- Case Report
Carbonization of a radicular cyst using fiber-optic diode laser: a case report
Cases Journalvolume 1, Article number: 113 (2008)
A female patient, 51 years old, complaint of painful swelling on the anatomical area of the upper left lateral incisor. The diagnosis of radicular cyst was confirmed histo-pathologically. Nowadays, radicular cysts may be treated using conventional root canal methods or surgical apicectomy. The possible soft-laser reaction to radicular cysts after contact application has not been investigated. We present an in vitro case of a diagnosed radicular cyst which carbonized after contact application of diode laser. The need for future clinical trials will be essential to prove the sensitivity of this procedure in humans.
A Caucasian female patient, 51 years old presented to the clinic with swelling of the anterior upper jaw. The patient was working is store house. She was smoking 20 cigarettes per day for 20 years. She was drinking alcohol occasionally. The medical history revealed previous surgical procedure for appendicectomy. The dental history was free apart from routine dental procedures such as fillings and prosthetics. The patient was 58 kg weight and 167 cm height. The clinical and radiographic examination revealed a periapical lesion of the upper left lateral incisor.
It was decided to extract the tooth which was severely decayed and non restorable. The upper left incisor was extracted with the associated periapical lesion. The tooth with the soft-tissue lesion was stored in buffered formalin for 24 hours and decalcified. The decalcification was carried out to cut the tooth longitudinally. This allowed the processing of specimens for their diagnostic microscopic evaluation. The pathological examination showed the atrophic epithelial lining of radicular cyst.
The second tooth and cyst portion was used for evaluation of laser performance. The laser parameters used were 1500 mW of continuous output in 808 nm wavelength. The fiber optic had a diameter of 300 μm. The cyst was stained using methylene blue for observation (Figure. 1). The fiber-optic diode laser passed through the bisected root canal into the radicular cyst (Figure. 2). The cyst carbonized in about 30 seconds after constant contact. It was obvious that the destruction of radicular cysts may be carried out with laser techniques. Theoretically, this will allow rapid healing if it is associated with endodontic treatment.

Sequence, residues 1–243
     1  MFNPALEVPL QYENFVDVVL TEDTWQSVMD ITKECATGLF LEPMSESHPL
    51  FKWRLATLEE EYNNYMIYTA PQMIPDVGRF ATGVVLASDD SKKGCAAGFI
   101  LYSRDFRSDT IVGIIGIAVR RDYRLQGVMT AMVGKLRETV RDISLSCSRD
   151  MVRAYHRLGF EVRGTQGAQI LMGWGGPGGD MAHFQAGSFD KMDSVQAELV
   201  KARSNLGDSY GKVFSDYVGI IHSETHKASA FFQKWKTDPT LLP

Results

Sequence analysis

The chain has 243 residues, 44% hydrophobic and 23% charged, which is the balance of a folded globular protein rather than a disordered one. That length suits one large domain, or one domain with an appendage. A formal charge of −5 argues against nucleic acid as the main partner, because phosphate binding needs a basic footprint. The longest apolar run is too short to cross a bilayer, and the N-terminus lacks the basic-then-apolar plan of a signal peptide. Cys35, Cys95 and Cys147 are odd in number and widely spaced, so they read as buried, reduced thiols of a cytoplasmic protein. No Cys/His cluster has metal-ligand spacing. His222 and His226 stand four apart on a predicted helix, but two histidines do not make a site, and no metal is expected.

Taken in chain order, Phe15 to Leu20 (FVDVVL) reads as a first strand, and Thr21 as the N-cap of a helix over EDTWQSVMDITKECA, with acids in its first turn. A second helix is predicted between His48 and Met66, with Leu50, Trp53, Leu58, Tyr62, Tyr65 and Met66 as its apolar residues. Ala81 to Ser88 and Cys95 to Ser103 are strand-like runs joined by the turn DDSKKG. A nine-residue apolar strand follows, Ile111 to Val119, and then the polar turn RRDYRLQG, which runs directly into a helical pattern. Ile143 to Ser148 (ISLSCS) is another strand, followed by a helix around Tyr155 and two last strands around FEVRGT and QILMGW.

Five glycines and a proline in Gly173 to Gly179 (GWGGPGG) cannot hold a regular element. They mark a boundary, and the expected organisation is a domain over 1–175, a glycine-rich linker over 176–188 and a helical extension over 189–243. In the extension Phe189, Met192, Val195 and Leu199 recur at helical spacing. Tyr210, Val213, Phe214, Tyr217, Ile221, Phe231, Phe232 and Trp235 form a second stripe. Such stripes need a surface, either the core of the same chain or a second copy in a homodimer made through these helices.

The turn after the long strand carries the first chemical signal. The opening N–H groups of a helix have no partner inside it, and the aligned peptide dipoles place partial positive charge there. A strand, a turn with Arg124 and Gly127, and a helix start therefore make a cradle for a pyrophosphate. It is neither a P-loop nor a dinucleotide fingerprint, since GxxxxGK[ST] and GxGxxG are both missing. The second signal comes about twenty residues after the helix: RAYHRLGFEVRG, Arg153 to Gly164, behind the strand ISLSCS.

Radicular cysts are the most common inflammatory tooth-associated cystic lesions . Their treatment is mainly based on lege artis endodontic treatment or surgical excision of the cyst lining with apicectomy [2, 3]. These two well established procedures are considered the golden standards for the management of such lesions.
A diode laser causes warming, welding, coagulation, protein denaturization, drying, vaporization, and carbonization of the target tissue . Diode-laser treatment of targeted periapical lesions has not been used in the past.
The reason for the skepticism about this procedure may be associated to the complete digestion of carbonized products (Figure. 3). According to previous reports, carbonized tissues are digested by giant cells or macrophages .
Diode-laser carbonization of radicular cysts may be effective using fiber-optic technology. The only prerequisite is the measurement of the tooth length for correctly placing the fiber through the root canal into the cystic cavity. Hypothetically, the limitations to the application of this technique maybe the impaired defense mechanism, the smoke released in the closed cavity, the vital adjacent tissues (air sinuses, nerves, vessels) and the burning of bone. Considering, that the root is mechanically open during endodontic treatment the use of micro-suction tips may be found useful in releasing the generated smoke out of the cystic cavity. Diode laser is soft light energy, therefore the expected damage of the surrounding bone should be considered minimal.
Future research need to be carried out to assess the effectiveness of this procedure in clinical trials. Possibly another cost-effective tool may be added to the armamentarium of the dentists for future applications.
While this technique may have some applications as a possible new technique the research needs to be exhaustive. We are already aware of the capabilities of small fibre laser and the effect of lasers on soft tissues but the effect of lasers used in an enclosed space in living bone is of interest. To be taken further it would presumably need rigorous testing on animals.
"Written informed consent was obtained from the patient for publication of this case report and accompanying images. A copy of the written consent is available for review by the Editor-in-Chief of this journal."
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The authors declare that they have no competing interests.
SK analyzed and interpreted the patient data regarding radicular cyst. PK performed the histological examination of the cyst, and was major contributor in performing the laser experiment and writing the manuscript. All authors read and approved the final manuscript.